Phiadelphia Grannies For Peace General Meeting

PLACE: FRIENDS CENTER, 15TH & CHERRY                                                                                                                                          TIME:  June 5th 5PM.    All Are Welcome   For Info:  215.247.4385 or


> NW Greens will meet on July 6 WITH Dr Tzou
> What can you do to get health care for all? Join Dr. Walter Tsou, former commissioner of public health, in discussing this important topic with Northwest Greens at 7:00 pm on Thursday, July 6, in the Weavers' Way Meeting Room, 610 Carpenter Lane in West Mount Airy. More information from 215-843-4256 and <>.
> ___________________

 The Road to Guantanamo opens in Philadelphia!

On July 7th, "The Road To Guantanamo" will open at the Ritz Theater in Philadelphia (which one is to be announced next week).  With the decision by the Supreme Court yesterday, it is now incumbent upon all of us to use this momentum to demand justice for all of those imprisoned in Guantanamo.

        One of the strategies of the Bush administration has been to paint those imprisoned there as "sub-human" and therefore unworthy of our sympathy and support.
This film counters this, as well as exposes the Bush administration for what it is...Please join me and go see this film. Please encourage your family and friends to do so as well. Let us all be a part of a national dialogue to bring an end to Guantanamo and the policies that created it. For more information about the movie go to:     .........In Solidarity.   Jody -  Women's International League for Peace and Freedom

> NW Peace & Justice  &   Galen Tyler, director of Kensington Welfare Right Union
> Join us to hear Galen Tyler, director of Kensington Welfare Right Union, talk about linking the peace movement and the anti-poverty movement. Northwest Peace and Justice Movement will meet at 7:00 pm on Tuesday, July 11, in the Parish Center behind Saint Vincent's Church, 109 East Price Street in Germantown. For more information: 215-843-4256 or <>.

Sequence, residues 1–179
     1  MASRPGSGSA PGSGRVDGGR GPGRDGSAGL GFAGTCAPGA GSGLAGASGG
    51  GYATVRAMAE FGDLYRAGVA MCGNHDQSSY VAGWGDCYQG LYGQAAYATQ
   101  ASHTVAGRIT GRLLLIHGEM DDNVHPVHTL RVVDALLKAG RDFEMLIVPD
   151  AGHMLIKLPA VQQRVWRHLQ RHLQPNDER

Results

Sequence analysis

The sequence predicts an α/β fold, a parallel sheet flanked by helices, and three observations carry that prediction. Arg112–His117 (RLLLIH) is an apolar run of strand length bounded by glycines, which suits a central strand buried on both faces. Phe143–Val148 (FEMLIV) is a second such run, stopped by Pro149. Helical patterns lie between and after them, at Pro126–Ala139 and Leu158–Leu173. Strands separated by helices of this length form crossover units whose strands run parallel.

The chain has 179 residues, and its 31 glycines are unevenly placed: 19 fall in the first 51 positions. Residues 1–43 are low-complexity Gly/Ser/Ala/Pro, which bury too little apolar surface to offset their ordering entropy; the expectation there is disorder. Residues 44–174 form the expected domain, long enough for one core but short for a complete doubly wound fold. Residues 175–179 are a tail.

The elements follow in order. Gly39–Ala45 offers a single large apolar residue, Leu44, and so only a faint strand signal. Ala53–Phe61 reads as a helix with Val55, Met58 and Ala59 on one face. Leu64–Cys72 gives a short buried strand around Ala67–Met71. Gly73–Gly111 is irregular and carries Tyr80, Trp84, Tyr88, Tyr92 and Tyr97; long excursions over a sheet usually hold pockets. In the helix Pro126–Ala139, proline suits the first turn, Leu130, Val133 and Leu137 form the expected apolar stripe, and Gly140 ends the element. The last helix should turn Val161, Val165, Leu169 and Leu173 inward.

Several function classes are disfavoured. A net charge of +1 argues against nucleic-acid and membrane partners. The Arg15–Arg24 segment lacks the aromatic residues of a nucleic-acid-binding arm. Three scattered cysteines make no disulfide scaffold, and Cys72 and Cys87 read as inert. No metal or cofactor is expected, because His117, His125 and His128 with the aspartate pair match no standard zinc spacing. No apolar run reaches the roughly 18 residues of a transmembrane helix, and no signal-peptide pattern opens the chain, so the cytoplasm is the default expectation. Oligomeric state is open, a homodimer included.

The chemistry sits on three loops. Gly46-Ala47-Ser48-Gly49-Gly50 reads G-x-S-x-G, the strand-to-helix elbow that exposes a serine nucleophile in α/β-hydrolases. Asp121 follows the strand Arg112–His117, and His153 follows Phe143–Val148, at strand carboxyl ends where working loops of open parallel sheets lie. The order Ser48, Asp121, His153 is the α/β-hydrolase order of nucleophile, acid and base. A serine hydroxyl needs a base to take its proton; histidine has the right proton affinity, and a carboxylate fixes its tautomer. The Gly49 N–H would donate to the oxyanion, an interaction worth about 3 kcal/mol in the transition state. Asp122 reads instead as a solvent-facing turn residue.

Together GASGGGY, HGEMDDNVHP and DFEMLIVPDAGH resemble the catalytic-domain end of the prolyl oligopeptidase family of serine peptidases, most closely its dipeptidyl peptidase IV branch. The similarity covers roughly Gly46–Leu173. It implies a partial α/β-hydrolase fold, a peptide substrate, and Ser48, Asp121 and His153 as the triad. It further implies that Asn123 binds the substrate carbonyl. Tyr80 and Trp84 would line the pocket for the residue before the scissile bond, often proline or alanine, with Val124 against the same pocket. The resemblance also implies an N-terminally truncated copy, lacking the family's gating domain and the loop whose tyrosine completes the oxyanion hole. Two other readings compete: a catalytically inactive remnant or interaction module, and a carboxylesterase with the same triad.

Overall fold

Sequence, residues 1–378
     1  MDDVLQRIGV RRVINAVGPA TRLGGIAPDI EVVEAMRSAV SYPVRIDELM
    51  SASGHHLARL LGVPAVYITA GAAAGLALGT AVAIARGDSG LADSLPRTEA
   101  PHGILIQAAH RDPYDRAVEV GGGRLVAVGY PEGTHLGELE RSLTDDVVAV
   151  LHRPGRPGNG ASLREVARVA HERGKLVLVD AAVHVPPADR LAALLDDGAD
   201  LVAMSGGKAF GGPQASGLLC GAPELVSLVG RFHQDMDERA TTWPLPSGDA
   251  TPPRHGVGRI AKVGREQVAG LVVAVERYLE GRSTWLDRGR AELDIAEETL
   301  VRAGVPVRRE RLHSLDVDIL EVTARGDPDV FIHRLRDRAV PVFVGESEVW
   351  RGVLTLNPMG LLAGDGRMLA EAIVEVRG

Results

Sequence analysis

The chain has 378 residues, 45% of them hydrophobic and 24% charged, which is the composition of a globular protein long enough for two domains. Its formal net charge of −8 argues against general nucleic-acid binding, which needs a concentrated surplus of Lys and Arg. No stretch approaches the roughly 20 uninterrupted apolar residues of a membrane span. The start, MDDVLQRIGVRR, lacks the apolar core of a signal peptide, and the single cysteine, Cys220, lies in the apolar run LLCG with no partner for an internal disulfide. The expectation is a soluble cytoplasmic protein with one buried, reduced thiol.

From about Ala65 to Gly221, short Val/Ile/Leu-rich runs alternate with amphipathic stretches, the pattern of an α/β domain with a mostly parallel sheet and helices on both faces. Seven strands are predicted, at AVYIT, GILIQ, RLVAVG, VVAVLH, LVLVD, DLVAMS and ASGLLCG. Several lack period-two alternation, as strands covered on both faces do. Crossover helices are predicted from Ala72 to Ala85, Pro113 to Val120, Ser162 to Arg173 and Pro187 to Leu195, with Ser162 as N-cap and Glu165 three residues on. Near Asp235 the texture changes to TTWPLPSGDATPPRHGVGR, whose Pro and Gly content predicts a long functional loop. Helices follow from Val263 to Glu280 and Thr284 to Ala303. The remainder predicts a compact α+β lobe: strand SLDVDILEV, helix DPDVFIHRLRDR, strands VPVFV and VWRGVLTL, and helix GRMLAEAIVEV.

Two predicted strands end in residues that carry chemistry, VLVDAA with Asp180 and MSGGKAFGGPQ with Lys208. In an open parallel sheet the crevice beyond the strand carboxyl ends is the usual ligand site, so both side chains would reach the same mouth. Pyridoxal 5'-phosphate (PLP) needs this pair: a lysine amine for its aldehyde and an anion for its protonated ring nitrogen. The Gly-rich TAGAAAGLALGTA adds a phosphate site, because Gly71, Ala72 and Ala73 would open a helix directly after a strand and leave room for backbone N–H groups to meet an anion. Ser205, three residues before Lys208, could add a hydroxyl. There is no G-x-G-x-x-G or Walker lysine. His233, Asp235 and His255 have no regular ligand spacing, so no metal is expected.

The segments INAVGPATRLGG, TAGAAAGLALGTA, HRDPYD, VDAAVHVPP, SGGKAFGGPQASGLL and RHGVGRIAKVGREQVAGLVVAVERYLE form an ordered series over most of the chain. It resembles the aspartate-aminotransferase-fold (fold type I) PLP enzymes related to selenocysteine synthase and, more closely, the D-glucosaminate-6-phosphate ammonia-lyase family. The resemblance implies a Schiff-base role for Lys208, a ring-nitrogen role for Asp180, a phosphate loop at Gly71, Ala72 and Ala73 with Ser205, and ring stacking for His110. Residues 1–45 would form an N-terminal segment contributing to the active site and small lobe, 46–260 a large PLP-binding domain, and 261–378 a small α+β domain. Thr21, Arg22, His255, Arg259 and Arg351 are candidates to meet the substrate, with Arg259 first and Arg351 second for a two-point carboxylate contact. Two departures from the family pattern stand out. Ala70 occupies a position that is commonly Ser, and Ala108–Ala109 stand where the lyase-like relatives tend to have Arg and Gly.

> ___________________
> Trinity Peace Event, July 16 with Sen Specter
> On the 61st anniversary of the Age of Nuclear Warfare, ask Senator Arlen Specter to cut off funding for the occupation of Iraq. (On July 16, 1945, the U.S. Manhattan Project detonated the world's first nuclear warhead at the Trinity test site in New Mexico.) Northwest Peace and Justice Movement (and 17 other peace groups) will hold a Trinity Peace Event from 2:00 until 4:00 pm on Sunday, July 16, near Senator Specter's home, on Schoolhouse Lane (between Henry Avenue and Gypsy Lane) in East Falls.  For more information: 215-843-4256 or <>.

New Citizens / New Voters * Volunteers needed Tuesday July 27th
As part of Democracy Summer, a nationwide initiative of the We Are America Alliance to have 1 million people naturalize or register to vote, PICC will be at the Pennsylvania Convention Center on Tuesday, July 27th to provide non-partisan voter registration.   Almost 1800 people will be naturalized that day. 
We need volunteers to do non-partisan voter registration immediately following two large naturalization ceremonies.  The first ceremony is at 11 am, with 1,000 people being naturalized.  The second ceremony is at 3 pm, with 750 people being naturalized.  The ceremonies will be held in the Great Hall, we will be stationed in the open area outside, below the escalators.
Volunteers who have not been trained in doing non-partisan voter registration will need to arrive a 1 hour earlier for a short training.   
  Ceremony 1 arrival times
  10:30 AM for Volunteers that have not been trained in non-partisan voter registration
  11 AM for Volunteers already trained in non-partisan voter registration
  Ceremony 2 arrival times
  2:30 PM for Volunteers that have not been trained in non-partisan voter registration
  3 PM for Volunteers already trained in non-partisan voter registration